HONG KONG — Alibaba Pictures Group, the film investment and distribution arm of Chinese e-commerce giant Alibaba, has revealed losses of US$57.1 million (HK$443 million).
The figures amount to a painful house cleaning exercise and a demonstration of the many hazards of doing business in the Chinese film industry.
The losses were incurred in the six months to June and reflect impairments to the value of some of the company’s film and TV properties, as well as a restatement of the value of some derivative financial instruments.
Alibaba took control of the Hong Kong-listed company, through a 60% share stake costing US$775 million (HK$6 billion), at the end of June and changed the company’s name from Chinavision to Alibaba Pictures Group. The losses relate to the period before Alibaba’s control, but were only discovered after takeover, in August, prompting an investigation by auditors that only ended recently.
Revenues dropped from US$61.2 million (HK$474 million) in the first half of 2013 to just US$14.6 million (HK$113 million). The write-offs amounted to US$48.9 million (HK$379 million) while trading losses of US$8.36 million (HK$64.8 million) added a further burden.
The company revealed the numerous difficulties encountered in the past year as it tried to muscle its way into the forefront of the business.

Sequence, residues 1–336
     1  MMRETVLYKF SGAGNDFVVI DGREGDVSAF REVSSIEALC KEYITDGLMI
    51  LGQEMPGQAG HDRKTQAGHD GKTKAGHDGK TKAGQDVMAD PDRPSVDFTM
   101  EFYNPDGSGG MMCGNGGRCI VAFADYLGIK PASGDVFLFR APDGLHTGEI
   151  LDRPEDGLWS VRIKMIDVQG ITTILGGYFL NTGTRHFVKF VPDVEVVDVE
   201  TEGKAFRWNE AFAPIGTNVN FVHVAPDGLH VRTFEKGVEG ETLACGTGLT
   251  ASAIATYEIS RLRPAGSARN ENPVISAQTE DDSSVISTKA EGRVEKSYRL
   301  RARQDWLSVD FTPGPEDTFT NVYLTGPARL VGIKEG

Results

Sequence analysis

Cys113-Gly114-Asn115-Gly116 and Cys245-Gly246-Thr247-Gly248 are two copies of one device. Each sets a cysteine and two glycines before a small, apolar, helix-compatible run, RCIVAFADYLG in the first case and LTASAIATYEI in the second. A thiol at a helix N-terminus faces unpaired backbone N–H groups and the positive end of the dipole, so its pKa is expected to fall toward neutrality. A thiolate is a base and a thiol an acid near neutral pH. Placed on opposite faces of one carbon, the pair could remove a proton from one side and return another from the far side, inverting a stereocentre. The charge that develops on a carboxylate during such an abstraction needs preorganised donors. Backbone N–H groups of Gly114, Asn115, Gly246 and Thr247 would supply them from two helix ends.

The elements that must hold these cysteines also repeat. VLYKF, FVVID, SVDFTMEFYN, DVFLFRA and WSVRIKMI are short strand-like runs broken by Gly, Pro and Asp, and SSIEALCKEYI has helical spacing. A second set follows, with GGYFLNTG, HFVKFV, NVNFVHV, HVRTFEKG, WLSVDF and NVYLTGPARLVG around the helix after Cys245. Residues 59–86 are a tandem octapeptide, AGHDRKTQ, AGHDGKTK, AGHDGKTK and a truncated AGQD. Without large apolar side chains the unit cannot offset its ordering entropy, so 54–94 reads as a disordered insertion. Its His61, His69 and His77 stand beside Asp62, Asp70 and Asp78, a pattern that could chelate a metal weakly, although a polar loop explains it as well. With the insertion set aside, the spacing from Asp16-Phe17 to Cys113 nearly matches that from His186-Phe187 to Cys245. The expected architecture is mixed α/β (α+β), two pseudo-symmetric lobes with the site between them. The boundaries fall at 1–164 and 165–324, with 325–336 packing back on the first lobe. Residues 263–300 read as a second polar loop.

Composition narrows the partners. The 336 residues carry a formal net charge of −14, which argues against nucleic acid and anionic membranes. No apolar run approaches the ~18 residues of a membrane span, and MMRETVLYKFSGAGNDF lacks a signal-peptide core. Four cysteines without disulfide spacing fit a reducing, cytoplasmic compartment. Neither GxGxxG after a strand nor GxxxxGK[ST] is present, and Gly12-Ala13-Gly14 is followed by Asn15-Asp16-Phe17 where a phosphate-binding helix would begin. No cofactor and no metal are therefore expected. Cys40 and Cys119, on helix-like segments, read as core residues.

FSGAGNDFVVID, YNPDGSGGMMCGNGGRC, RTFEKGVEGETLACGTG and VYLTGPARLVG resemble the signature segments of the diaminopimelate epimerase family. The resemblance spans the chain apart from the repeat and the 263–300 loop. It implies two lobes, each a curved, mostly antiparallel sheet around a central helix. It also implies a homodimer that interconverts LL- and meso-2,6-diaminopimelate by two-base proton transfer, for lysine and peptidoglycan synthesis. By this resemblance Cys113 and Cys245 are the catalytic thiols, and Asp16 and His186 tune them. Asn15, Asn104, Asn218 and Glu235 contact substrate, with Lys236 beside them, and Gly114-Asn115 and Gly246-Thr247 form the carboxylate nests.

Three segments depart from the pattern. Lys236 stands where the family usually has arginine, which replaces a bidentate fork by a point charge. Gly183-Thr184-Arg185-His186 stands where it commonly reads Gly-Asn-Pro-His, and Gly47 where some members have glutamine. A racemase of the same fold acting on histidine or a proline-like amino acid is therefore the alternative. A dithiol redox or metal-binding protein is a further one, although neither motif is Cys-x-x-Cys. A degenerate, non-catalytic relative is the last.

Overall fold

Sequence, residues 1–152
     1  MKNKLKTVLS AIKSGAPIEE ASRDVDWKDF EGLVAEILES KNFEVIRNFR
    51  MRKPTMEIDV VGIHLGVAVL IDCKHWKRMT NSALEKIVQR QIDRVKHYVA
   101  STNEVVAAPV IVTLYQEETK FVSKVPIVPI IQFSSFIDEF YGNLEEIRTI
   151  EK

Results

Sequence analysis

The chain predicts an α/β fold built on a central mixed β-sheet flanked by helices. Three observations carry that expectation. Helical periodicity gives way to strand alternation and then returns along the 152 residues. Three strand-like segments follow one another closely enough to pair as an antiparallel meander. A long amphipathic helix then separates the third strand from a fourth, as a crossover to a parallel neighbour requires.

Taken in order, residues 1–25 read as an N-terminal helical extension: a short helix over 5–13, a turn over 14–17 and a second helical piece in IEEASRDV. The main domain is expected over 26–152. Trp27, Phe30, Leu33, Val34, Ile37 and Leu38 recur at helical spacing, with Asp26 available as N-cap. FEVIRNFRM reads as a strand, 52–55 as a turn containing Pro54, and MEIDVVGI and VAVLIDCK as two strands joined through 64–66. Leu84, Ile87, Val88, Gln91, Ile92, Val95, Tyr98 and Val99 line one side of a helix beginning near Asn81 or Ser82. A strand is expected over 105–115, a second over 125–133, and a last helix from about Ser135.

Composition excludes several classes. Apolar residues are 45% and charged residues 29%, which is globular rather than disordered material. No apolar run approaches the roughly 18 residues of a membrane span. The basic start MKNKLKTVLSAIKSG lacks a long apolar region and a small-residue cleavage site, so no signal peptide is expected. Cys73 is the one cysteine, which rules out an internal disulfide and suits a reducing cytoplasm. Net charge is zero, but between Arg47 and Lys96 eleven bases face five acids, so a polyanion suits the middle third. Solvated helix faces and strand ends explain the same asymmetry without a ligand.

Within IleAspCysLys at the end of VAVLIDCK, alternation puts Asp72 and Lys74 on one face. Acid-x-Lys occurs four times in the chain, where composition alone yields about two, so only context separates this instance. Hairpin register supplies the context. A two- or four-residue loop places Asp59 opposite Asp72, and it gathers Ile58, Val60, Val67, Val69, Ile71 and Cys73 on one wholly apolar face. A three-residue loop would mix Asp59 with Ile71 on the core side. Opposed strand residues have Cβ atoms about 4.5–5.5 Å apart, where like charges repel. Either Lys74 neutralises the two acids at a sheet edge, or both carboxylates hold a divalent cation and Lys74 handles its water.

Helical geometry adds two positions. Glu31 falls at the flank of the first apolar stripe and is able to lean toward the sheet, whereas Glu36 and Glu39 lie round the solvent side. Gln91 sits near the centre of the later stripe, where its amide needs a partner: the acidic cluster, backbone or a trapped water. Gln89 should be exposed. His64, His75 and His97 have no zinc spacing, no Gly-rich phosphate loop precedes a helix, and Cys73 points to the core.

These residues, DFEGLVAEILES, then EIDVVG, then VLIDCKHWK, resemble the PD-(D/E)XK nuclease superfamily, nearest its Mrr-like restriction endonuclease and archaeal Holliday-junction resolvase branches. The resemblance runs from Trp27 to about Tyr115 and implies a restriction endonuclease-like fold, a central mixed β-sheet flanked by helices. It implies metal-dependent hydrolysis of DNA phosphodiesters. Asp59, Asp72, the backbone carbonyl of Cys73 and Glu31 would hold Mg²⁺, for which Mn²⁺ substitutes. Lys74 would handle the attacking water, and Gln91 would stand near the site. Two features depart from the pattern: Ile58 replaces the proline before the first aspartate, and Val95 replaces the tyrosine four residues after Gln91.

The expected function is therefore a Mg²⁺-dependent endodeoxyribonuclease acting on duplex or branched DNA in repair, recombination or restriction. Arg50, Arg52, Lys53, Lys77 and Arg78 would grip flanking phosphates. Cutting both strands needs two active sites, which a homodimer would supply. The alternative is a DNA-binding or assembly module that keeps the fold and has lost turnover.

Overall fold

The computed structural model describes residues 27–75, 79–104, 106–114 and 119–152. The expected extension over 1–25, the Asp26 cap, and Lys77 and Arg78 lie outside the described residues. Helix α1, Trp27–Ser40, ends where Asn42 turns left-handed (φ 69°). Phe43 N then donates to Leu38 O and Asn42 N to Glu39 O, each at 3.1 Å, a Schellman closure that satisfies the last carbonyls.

Among the $9.68 million (HK$75 million) of film-specific losses, the company revealed a costly “restriction imposed by the PRC authority on the broadcasting of a film in the PRC;” and a “dispute between a film distributor and a film producer on profit sharing of a film in which the group has invested.” This is understood to be a reference to Chinavision’s stake in Stephen Chow’s Feb 2013 $200 million blockbuster “Journey To The West,” which was distributed by Huayi Brothers Media.
Notes to the accounts reveal that part of Alibaba Pictures Group’s array of deals with prominent regional film makers is also coming undone.
As Chinavision, it paid US$8.14 million (RMB50 million) for Stephen Chow to offer it investment positions in five future movies. But it chose not to go ahead with any of them and so forfeited its deposit.
In March this year, it signed a deal with Taiwan-based producer Angie Chai to deliver a slate of films involving writer-director Giddens Ko. However that is treated as a loss in the June accounts.
More happily, in May this year it also paid RMB50 million to Wong Kar-wai as down payments on five movies for Wong or his associates to deliver. Alibaba Pictures says that it expects one of those to go ahead before June 2015 – Wong recently revealed a project involving a monk travelling to India — and has restated that investment as a current asset.
Alibaba Pictures also bought mainland Chinese distribution rights to two Hong Kong movies, actioner “Rise of A Legend” and comedy “Temporary Family.”
Shares in the group began trading again Monday, after months of suspension, and in early trade rose 2% to HK$1.64 apiece.